CALIFORNIA, USA — This week marks one year since Russia first invaded Ukraine.
President Joe Biden pledged the United States will stand with Ukraine for the long haul during his previously unannounced visit to the country's war-torn capitol Monday.
"Freedom is priceless. It's worth fighting for. For as long as it takes and that's how long we're going to be with you Mr. President (Zelenskyy), for as long as it takes," said President Biden.
Amid signs of waning support at home for U.S. military aid to Ukraine, the president also announced a new weapons package funded by taxpayer dollars.
The U.S. has appropriated more than $112 billion in defense, economic and humanitarian aid to Ukraine since the war with Russia started, according to NPR.
During a visit with Ukraine's president in the country's capitol city, President Biden promised another half billion dollars more.
"The Ukrainians are now pushing back and taking back up to 50% of what the Russians took in the initial push. It is working," said Mick Mulroy, former U.S. Deputy Assistant Secretary of Defense and ABC News contributor.
However, new research shows support stateside is softening.
An Associated Press poll shows American's support for supplying weapons or funds to Ukraine, accepting Ukrainian refugees or imposing economic sanctions against Russia has declined since last spring.
Also, polling this month from ABC News and the Washington Post finds 33% of Americans say the U.S. is doing too much for Ukraine. That's up from 14% last spring, and after many Republicans have insisted the U.S. won't give Ukraine a blank check.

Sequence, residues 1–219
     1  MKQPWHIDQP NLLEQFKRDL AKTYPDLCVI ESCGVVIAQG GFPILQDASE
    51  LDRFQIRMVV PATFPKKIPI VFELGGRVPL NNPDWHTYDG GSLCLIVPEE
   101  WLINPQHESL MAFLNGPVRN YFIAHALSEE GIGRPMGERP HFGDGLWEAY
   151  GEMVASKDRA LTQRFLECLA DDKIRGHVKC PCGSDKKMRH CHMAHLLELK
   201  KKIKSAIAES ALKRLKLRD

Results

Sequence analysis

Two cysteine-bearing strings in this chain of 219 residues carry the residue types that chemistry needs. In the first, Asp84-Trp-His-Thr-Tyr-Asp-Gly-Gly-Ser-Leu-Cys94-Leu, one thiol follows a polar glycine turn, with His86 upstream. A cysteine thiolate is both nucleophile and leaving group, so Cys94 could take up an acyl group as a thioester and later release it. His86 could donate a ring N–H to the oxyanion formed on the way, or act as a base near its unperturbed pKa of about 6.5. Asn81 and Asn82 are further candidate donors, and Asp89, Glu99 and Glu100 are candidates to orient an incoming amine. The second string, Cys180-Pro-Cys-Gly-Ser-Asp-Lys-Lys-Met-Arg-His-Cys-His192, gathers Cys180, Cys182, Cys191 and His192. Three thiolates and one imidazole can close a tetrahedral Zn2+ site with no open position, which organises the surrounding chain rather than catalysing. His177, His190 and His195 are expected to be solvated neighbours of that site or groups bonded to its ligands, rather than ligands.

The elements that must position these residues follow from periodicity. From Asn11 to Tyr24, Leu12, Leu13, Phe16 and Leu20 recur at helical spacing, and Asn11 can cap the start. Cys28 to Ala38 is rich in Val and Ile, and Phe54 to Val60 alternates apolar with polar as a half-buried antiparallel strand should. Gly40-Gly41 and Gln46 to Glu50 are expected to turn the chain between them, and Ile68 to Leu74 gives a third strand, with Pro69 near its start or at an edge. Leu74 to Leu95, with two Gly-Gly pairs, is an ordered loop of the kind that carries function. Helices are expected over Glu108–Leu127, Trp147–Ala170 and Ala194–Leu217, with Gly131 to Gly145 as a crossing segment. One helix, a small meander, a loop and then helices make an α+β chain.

"That is an argument this White House strongly rejects. They note Ukraine isn't getting everything they have asked for," said Mary Bruce, ABC News Senior White House correspondent.
Local Congressman John Garamendi (D-Vallejo) recently returned from the Ukrainian border, saying the president's visit is a powerful show of support for Ukraine.
"By going to Kyiv, as he did today, he is taking that message of unity, that message of solidarity and determination to Ukraine as well as to our partners in Western Europe, the NATO countries and the European Union," he said.
He says the visit comes during a time surrounding countries fear they are next to be attack by Russia.
"These countries know that is what Putin intends to do, and if he gets Ukraine, then they are next in line and so we have to stand firm," said Garamendi.
Ukraine has pressed for more weapons from the west, including F-16 fighter jets. Senator Lindsey Graham is calling on the U.S. to hand them over and start training Ukrainian pilots though experts say it could represent a major escalation of U.S. support in the war.
Friday night, there will be a rally at the state capitol building in support of the Ukrainian people and to honor the memory of those who died in the war.
It's hosted by Sacramento-based non-profit the Ukrainian American House and the consulate general of Ukraine.